Monday, February 26

Review: Twin Robots - Ultimate Edition [Nintendo Switch eShop]

Platforming games on Nintendo systems are a staple and somewhat expected fare, though with such a rich history the genre can carry some high expectations. That said, there’s a case to be made for titles that aren’t quite as oppressively challenging as some of the more extreme fare the system has seen and that’s where something like Twin Robots: Ultimate Edition comes in. While not terribly challenging it is also far more co-op and even family friendly than most games on the system so if you’re looking for something that starts out a bit more basic and then slowly turns up the dial on difficulty it may be a good fit.

You’ll play the game alternating control between two robots, or sharing the screen and effort with a friend. In every level the first objective is to free your friend by finding the large red button in the level, and from there your primary goal is to find the exit and escape but most likely you’ll want to seek out the powered floor titles and then find the battery hidden in the level. The progression curve along all 40 of the game’s levels is relatively slow and steady, making it about as accessible a platformer as I’ve seen on the system, even if it is also a tad generic. Some effort to hide some secrets and fun can be found if you’re thorough and explore each nook and cranny and these add to the fun as well.

Overall the only gripe may be the somewhat sedated pace of everything, at least for an impatient and twitchy gamer like myself. It’s fine, just sometimes when you’re waiting for an elevator it can feel like it takes an eternity. I’d say that as much effort was put into your power gauge, which you can share with your counterpart when they’re low on energy, it seems unusual that most of the obstacles tend to be insta-death. None of the levels are so long that this is a major issue, just in some cases these incidents feel as though they should have been survivable. The only other element that feels a bit off is the controls which can feel a little muddy at times, though thankfully for the most part pixel precision isn’t necessary for beating the game’s puzzles.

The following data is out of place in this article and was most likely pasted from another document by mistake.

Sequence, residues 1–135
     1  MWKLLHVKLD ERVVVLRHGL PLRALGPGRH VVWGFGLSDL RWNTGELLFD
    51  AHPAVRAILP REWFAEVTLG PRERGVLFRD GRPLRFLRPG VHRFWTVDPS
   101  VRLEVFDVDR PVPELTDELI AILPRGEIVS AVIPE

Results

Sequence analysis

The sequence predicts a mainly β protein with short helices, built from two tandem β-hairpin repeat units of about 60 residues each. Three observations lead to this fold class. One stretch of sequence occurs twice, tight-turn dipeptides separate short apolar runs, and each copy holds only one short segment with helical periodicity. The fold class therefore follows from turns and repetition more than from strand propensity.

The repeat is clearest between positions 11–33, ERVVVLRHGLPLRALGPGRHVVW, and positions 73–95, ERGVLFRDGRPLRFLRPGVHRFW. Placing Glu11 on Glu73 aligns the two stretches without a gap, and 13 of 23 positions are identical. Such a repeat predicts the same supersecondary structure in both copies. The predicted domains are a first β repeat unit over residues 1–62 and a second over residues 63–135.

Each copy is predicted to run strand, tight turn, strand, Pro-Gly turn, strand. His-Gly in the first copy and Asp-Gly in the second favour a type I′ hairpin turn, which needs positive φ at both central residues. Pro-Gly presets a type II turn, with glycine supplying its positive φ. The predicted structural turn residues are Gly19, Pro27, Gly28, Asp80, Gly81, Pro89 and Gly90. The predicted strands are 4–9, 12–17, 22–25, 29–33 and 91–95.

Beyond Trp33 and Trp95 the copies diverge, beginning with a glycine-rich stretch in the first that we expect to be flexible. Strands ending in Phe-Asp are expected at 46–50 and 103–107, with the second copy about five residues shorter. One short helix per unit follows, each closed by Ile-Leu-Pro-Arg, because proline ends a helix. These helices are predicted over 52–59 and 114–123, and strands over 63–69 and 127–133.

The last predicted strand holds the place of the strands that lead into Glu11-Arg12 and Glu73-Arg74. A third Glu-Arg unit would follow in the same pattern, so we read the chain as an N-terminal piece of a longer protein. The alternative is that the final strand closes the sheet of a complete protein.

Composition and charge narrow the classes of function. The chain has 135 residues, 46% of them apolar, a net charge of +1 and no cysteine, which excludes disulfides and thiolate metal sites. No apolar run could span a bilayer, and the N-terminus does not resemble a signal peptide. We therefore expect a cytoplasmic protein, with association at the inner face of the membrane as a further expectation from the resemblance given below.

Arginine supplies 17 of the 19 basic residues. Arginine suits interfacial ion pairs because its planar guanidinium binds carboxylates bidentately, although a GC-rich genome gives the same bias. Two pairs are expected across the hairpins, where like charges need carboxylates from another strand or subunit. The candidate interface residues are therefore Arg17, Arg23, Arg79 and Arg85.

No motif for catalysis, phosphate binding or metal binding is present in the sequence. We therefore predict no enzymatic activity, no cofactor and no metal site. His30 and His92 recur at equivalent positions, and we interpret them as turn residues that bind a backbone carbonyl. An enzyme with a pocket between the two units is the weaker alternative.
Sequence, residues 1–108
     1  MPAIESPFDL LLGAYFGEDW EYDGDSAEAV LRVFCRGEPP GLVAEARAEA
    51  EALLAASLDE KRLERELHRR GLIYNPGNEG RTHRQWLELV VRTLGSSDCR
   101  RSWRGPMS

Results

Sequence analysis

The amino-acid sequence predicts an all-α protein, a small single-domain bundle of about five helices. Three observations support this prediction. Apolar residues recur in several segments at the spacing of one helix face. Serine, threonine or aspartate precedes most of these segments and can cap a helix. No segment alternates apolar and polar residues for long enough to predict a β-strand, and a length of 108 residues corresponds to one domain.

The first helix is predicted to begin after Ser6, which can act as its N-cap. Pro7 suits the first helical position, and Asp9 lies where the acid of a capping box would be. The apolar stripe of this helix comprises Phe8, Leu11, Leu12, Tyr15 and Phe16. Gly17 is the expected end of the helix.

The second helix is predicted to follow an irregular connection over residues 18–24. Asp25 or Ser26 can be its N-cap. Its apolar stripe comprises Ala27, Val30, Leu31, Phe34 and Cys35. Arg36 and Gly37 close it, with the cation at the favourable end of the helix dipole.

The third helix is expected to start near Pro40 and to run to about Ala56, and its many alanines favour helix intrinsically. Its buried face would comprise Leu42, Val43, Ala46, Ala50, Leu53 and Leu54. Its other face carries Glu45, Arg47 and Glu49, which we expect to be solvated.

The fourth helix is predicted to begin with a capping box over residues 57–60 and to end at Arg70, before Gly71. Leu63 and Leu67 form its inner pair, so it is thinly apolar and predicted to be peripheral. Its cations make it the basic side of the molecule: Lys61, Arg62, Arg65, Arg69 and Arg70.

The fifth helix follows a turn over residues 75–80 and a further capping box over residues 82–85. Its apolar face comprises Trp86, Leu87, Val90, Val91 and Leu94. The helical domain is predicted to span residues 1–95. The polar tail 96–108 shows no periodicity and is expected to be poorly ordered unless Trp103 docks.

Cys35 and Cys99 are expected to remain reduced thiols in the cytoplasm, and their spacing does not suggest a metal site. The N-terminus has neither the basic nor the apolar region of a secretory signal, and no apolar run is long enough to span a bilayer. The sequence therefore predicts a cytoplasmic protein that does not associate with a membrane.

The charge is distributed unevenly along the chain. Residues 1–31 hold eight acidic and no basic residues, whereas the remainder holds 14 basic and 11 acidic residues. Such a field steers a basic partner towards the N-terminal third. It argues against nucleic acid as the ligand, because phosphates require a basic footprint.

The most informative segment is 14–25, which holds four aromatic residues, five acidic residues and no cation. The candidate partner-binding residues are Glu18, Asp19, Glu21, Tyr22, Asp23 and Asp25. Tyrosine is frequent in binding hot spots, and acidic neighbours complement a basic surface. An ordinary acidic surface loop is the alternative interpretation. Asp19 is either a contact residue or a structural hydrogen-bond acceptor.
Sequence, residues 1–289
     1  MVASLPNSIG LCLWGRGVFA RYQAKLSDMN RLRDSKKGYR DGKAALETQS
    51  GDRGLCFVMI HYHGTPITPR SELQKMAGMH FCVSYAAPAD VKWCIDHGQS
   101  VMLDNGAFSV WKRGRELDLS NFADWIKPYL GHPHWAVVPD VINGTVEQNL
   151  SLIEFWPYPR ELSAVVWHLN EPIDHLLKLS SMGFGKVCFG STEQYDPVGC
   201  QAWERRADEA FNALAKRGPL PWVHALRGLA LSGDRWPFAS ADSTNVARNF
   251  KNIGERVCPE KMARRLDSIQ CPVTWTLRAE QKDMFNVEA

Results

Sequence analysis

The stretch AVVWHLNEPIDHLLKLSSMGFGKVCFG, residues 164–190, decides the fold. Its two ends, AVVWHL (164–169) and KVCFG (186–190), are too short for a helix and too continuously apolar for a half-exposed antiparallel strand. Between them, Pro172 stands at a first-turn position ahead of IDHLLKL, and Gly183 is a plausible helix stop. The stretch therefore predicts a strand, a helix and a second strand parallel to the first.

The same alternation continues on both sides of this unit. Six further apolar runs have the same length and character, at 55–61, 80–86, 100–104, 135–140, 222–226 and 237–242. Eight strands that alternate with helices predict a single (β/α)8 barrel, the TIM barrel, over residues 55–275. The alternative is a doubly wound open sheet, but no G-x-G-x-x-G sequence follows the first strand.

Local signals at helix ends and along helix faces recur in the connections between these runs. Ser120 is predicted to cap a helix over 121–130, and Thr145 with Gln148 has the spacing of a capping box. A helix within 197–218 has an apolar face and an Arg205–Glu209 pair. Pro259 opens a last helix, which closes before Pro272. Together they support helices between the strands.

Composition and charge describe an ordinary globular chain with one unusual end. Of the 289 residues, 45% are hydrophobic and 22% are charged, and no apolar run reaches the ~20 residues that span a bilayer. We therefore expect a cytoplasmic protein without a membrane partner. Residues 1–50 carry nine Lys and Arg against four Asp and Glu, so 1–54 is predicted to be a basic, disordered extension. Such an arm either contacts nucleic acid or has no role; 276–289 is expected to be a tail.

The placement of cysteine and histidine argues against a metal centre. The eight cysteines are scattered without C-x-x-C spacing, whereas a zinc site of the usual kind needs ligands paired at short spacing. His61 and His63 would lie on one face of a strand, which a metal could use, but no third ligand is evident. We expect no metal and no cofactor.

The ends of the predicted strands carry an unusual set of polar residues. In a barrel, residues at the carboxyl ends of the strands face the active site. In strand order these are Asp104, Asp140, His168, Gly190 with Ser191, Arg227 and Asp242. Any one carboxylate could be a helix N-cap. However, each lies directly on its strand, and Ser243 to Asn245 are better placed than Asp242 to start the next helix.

Overall Twin Robots: Ultimate Edition is a well-made platformer that could easily serve as an introduction to the genre. Whether playing with a friend or by yourself the relatively gentle slope of challenge does end up hitting its stride, getting a bit harder as you get to the end, but it does take a while if you’re a platforming veteran before pulling out some more challenging scenarios. The result isn’t a thrilling game but that one should work well for the proper audience.

Score: 7

  • Supports local co-op
  • Has a relatively slow and progressive difficulty curve
  • Some fun secrets for those who like to explore

  • Probably too slow to get rolling for veterans
  • Controls can feel a little floaty in some situations

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